As adults, we have Google at our fingertips to help us process the growing pandemic known as the Coronavirus. Kids, on the other hand, overhear adults talking or get snippets of information from news or second-hand information from friends. Schools are closing, and the virus is rapidly spreading, leaving kids confused, scared, and lonely. Children primarily rely on socialization and structure for developing fundamental skills.
Here are some specific situations and ways in which you can speak with your kids and help them understand and respond to the changing situation.
1. Kids often have fears surrounding illness in general (just as adults do) and often have questions about what could happen to them if they were to get sick.
QUESTION: What happens to me if I get Coronavirus (or you get it)
It's best to share age-appropriately and honestly, rather than try to sugar coat what you think the virus can or cannot do. Explain to them that there is a lot we don't know about the virus but share what we do know. Provide statistics on how many of the cases are mild (you can find that data here) and information on symptoms, such as they are similar to cold and flu's they may have had in the past.
2. Kids are used to socialization, and it's an integral part of growing up (separating from mom and dad and learning social cues from friends). They may be afraid of hearing news of lockdowns and feeling lonely.
QUESTIONS: Will I ever see my friends again? Will we be able to get groceries to eat?
First, validate how they are feeling by saying something like, "I can see how that might be worrying you." Then ask them what is most important to them about their friendships and/or being able to go to the grocery store as example.
Then create solutions together that offer them ways to achieve their goals. Some ideas might be sharing the idea that there are many ways to engage with our friends via Facetime, Skype, phone calls. Consider having a few kids from school watch the same program on Netflix (a National Geographic perhaps) and sharing their thoughts on the show. Offer your child a journal as a haven to write how they feel when they are worried or lonely.
Explain things in rational terms. For example, you might say something like, "The government is doing this to help protect people from getting sick, we will, of course, be allowed to get food to eat, although we should be more mindful of waste and take extra care to make the right-sized meals.
3. Kids are used to routine and structure, with school closed they may be feeling confused about how their day will unfold and boredom.
QUESTION: Will I ever go back to school again? Will I ever play sports again? Will we ever go to the movies again?
Honesty is the key to these sort of "never ever" discussions. Nobody knows for sure (at the time of this publish) when schools will reopen or sporting events. It's best to respond in a way that shows you are confident, yet sincere, such as, "That's a great question. Unfortunately, we only know for now, that it will remain closed until _______, hopefully, we'll have more news soon. How about if I share anything I get from the school with you as soon as it's available?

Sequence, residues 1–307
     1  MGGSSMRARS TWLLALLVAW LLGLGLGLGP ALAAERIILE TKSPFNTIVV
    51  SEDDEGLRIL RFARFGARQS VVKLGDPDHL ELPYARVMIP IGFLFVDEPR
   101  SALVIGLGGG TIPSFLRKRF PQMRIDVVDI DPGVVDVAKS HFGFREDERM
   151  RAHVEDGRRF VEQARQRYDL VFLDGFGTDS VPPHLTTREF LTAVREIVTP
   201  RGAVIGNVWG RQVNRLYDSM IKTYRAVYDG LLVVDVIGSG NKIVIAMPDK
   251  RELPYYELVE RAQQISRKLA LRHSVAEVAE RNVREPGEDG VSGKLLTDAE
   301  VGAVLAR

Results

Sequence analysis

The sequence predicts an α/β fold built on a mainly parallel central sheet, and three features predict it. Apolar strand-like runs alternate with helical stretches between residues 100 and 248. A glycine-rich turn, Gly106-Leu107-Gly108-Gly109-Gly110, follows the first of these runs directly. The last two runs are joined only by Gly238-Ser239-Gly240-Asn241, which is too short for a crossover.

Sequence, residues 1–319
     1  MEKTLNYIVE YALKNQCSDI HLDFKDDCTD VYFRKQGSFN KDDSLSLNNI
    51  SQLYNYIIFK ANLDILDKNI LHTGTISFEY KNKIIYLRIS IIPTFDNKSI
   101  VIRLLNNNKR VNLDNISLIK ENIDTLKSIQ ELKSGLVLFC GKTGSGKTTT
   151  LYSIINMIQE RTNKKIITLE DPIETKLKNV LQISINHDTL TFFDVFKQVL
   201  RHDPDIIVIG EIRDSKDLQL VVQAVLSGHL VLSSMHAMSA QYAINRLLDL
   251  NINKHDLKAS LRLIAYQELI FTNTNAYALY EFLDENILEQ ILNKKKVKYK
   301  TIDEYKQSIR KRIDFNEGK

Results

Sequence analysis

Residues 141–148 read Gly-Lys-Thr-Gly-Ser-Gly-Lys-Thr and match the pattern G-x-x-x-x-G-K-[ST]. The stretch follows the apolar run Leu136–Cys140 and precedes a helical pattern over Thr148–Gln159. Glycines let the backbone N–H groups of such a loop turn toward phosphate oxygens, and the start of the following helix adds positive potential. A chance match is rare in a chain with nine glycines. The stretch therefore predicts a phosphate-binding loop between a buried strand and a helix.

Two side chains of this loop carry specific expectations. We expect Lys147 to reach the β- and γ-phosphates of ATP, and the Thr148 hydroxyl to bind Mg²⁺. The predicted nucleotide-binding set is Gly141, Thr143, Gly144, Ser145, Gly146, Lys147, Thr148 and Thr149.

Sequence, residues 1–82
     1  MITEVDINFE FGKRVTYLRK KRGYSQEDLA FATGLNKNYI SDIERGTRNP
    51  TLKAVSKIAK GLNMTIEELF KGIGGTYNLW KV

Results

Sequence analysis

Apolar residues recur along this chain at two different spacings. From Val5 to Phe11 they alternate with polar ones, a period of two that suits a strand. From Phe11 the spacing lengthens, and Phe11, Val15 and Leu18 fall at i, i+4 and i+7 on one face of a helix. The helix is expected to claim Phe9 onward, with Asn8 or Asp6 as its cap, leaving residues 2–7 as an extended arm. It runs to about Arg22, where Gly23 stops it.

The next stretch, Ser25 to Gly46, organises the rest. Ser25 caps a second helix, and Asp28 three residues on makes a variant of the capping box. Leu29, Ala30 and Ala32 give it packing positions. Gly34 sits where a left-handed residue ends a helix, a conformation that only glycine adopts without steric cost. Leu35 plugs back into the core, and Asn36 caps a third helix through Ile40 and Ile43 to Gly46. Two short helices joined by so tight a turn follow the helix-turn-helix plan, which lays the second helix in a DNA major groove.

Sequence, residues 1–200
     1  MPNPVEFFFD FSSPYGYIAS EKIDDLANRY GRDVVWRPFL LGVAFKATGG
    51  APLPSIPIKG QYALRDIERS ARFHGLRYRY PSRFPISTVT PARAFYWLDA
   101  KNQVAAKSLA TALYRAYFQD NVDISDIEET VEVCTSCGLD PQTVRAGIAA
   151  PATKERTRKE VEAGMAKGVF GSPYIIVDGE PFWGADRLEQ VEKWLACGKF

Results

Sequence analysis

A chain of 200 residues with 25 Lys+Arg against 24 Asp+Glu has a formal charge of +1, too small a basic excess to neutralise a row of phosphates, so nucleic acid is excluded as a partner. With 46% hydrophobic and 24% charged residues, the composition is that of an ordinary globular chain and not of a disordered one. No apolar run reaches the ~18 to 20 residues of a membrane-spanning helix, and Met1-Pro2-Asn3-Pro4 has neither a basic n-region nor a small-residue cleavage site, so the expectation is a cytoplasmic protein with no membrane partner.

Then ask questions open-ended questions (this offers kids a space to share more about their fears), such as, "What do you like most about school?"
Having worked from a home office for many years as a traveling Marketing Director for a Fortune 500 company, I can't express enough the importance of maintaining a routine, even if the routine looks different.
Consider having Monday-Friday wake up /breakfast and dress time remaining the same as school.
Structure the day similarly, school work, snack break, playtime, school work, lunchtime, playtime, and then a game or choice activity before dinner.
Consider getting some of their favorite books and a new board game, and there are many board games out there that incorporate learning, like these. There are fantastic free kids yoga videos on Amazon, and Pinterest is host to many at-home activities that only require necessary supplies.
As a parent, you must be mindful of how you take care of yourself and process what's happening as well. Kids model precisely what they see. Living in times of a pandemic is uncharted territory for most of us. It has many of us feeling melancholy as if we've left something behind. I recently shared in my eJournal that:
Normal is gone now. This is the new normal.
You may feel lonely, but you are not alone.
It's important to remember during this time that others are hurting too, maybe more than you. But we are going to be okay. This is part of our journey, our journey together. Together we will create our new normal. There is no better time to practice kindness, compassion, and gratitude.
By BEING HERE NOW.
If you’ve heard my podcast or attended a workshop you know I often share the importance of BEING HERE NOW to move through whatever it is we’re going through.
What that means for me, is
PROMPT (in your journal)
Are you in need of someone to talk to during these trying times? Are you a client who is concerned to come to the office? You do not have to feel alone.
As a licensed psychotherapist, I have offered telehealth services since 2014, and I still offer it. If you are looking for a counselor, most health insurance companies have approved telehealth services. If not, you can consider a website like BetterHelp.com.
I’m linking an excellent site to find a psychotherapist locally who may offer telehealth and some online solutions as well, and I also podcasted this week on Coronavirus / COVID-19. I shared some ways to move through fear, along with how to meet goals.
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